Israel’s government announced the departure of the first charter flight on Sunday and said it would be carrying about 120 “illegal immigrants” who had agreed to be “voluntarily repatriated” back to South Sudan.
Those deported on Monday in the first wave of expulsions of tens of thousands of Africans were given around €1 000 ($1 250) per adult and €400 per child.
“They were telling us we have Aids and that we are a disease. They were telling us a lot of bad things”, said 30-year-old Mayuol Juac, who worked as a waiter in Eilat and Tel Aviv for five years.
“They say we are a disease, the cancer of Israel,” Bol Duop (25), who also worked in the hospitality sector for five years said.
After being arrested three months ago and thrown in jail for a day on suspicion of being illegal, Juac had his visa confiscated and came under increasing pressure to leave.
“They took it from me and they said: ‘You have just one week to leave, one week to leave the country!’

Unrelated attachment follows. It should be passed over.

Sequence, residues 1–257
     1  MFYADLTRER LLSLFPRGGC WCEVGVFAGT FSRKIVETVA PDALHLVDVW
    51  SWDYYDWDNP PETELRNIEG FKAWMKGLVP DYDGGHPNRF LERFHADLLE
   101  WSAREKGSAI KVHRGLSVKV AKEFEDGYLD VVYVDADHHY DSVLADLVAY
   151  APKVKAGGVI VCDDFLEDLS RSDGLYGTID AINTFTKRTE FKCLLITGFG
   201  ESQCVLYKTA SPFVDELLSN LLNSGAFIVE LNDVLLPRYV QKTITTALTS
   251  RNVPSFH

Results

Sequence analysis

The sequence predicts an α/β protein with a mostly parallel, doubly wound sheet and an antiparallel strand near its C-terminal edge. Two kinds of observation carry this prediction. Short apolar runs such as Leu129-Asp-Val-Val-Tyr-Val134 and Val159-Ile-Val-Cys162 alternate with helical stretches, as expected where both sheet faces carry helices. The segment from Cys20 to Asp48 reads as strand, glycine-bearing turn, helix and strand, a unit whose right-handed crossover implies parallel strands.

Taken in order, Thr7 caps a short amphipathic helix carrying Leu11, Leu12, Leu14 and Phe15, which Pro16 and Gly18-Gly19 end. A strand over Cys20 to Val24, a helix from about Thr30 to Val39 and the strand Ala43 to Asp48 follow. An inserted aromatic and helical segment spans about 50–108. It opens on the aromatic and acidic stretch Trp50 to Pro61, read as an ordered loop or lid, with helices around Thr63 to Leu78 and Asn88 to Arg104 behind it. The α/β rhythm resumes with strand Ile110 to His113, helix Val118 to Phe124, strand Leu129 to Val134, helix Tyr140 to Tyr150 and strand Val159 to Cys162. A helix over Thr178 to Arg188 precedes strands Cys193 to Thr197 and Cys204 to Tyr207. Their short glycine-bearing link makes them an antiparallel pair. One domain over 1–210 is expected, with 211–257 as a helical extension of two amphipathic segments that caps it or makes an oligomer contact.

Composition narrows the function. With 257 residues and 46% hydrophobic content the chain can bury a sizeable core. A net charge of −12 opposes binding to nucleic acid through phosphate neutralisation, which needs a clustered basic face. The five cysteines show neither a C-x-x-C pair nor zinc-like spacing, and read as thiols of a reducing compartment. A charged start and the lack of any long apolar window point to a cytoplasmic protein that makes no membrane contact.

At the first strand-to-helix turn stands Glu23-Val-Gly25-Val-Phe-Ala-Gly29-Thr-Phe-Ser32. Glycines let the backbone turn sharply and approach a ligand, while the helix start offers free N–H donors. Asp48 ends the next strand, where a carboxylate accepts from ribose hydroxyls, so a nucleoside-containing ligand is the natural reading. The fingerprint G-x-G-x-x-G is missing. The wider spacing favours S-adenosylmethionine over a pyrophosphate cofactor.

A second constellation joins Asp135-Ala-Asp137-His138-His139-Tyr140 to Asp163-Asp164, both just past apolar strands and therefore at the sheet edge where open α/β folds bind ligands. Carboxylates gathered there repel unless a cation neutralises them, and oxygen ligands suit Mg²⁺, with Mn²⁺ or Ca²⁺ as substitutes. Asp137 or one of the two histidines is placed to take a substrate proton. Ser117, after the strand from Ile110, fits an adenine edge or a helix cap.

“Those without papers, they arrested them and put them in jail until their deportation. Then it is jail to the airport to Juba,” Juac said.
But South Sudan’s Minister of Humanitarian Affairs Joseph Lual Achuil insisted, “People are not being deported”.
“We have agreed with the Israeli government for our people to be peacefully and voluntarily repatriated,” he told reporters at Juba airport on Monday.
South Sudan maintains good relations with Israel.
The links date back to the decades of civil war that pitted the South against the Khartoum government, dominated by Arab Muslims. South Sudan, peopled mainly by black Christians, proclaimed independence on July 9. – AFP